Twelve-year-olds are just about the scariest human beings on the planet. And if you thought your own middle school years were hellish, remember, at least you didn't have Facebook. As a stomach-churning story in Sunday's New York Times makes clear -- the Internet is making it easier than ever for the Nelson Muntzes of the world to do their dirty work, and schools are struggling to figure out how to protect their kids while protecting their privacy. The ongoing challenge is -- how responsible are educators for the terrible things kids do on their own time? If a sixth grader is sending out "shocking, sexually explicit threats" to another student on a phone on a Saturday night, what recourse does a school community have?
As states scramble to put more laws on the books to "protect children from bullying when school administrators fail to address the issue" and the media are rife with reports on the dwindling empathy of the young, easy solutions are hard to come by.
I write this on my elder daughter's last day of fourth grade. Her life thus far has been relatively unscathed by bullies, and her ideal social media still looks like Pixie Hollow. But I know her world is getting bigger, and the jerkitude I take for granted on a daily basis is asserting itself more and more in her life. A new classmate with limited English found herself this year a ripe, uncomprehending target for crude comments. And on the other side of the country, a friend California spent the past year battling his own fourth grade daughter's school when she became the target of sexual harassment from a fellow ten-year-old. So what happens in the not too distant future, when these kids, already skilled in intimidation in the hallways, have cell phones and Facebook pages and blogs in their arsenals as well? Bullying is a genuinely life threatening danger, and the idea that we're all helpless against a rising tide of cruelty seems unfathomable.
But taking on bullying doesn't mean just changing the school rules. It doesn't mean taking away phones or pulling down Facebook pages. It means doing something radical -- changing the school system itself. I've watched with despair over the past several years as increasing-to-the-point-of-ridiculous emphasis has been put on test taking and data, as No Child Left Behind and the Race to the Top have encouraged schools to become by the book information mills. And what's not being emphasized is a concept that makes liberals and conservatives alike uneasy -- a moral education. The idea that schools -- even public schools -- have a clear-cut need to teach values opens up all kinds of cans of worms. My daughters' own school follows a progressive model -- a word that strikes fear in as many right wing hearts as that word "values" does in lefty ones. Progressive education means, at its core, putting humanity on the curriculum and teaching respect as a school's imperative. That working collaboratively and problem solving aren't nice ideas for your electives, they're essential to your education. And they're ideas just crazy enough to be worth considering at any school.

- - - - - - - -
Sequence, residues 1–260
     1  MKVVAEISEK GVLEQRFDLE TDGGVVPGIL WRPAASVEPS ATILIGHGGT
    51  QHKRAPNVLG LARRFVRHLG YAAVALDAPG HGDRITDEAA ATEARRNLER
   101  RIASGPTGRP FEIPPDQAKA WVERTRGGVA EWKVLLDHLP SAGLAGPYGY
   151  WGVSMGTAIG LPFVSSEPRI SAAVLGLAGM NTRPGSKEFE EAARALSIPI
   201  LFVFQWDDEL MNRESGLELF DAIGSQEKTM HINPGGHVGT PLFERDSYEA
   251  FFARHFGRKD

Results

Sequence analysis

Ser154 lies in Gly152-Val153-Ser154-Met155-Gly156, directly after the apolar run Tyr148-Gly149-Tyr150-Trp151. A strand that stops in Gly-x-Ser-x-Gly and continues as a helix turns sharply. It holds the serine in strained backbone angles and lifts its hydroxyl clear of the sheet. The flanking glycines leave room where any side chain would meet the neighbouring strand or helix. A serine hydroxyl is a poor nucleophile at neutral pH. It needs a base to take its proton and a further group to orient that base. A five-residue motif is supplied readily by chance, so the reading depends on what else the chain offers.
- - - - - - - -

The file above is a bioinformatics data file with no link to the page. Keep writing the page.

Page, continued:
In our school, kids as young as my kindergartener tackle conflict resolution in the classroom, and children are actively taught to lead by example. There are also several mentoring programs, so older children have a stake in their community and younger kids know they have a bigger peer who's got their back.
Does any of this stop kids from getting picked on? That's a rite of growing up that will never go away: A friend whose daughter recently finished her first year at the nice crunchy progressive middle school downtown says the girl spent most of sixth grade eating lunch by herself because she couldn't penetrate the popular clique. But making emotional intelligence an educational priority equips the community as a whole to deal with bullying -- it creates social sanctions against it, and it lays groundwork so that kids have their own inner resources for handling it when it happens. It can't be quantified on a chart; it can't boost your child's SAT score, so it's not as easy a sell to cash-strapped school districts or Ivy League ambitious parents.
But then again, maybe it might pay for itself in reduced lawsuits and a whole lot less grief from families of kids who'd otherwise be driven to depression, violence and suicide. As it turns out, those "soft skills" -- like learning how to not be a creep -- that get short shrift when talking about the all importance of math scores -- have been proven incredibly valuable in equipping kids for the work place. And in the debate over what the Times defined as "the responsibility of the family, the police or the schools," the most basic weapon fighting the problem seems right in front of us -- a powerful body of students themselves.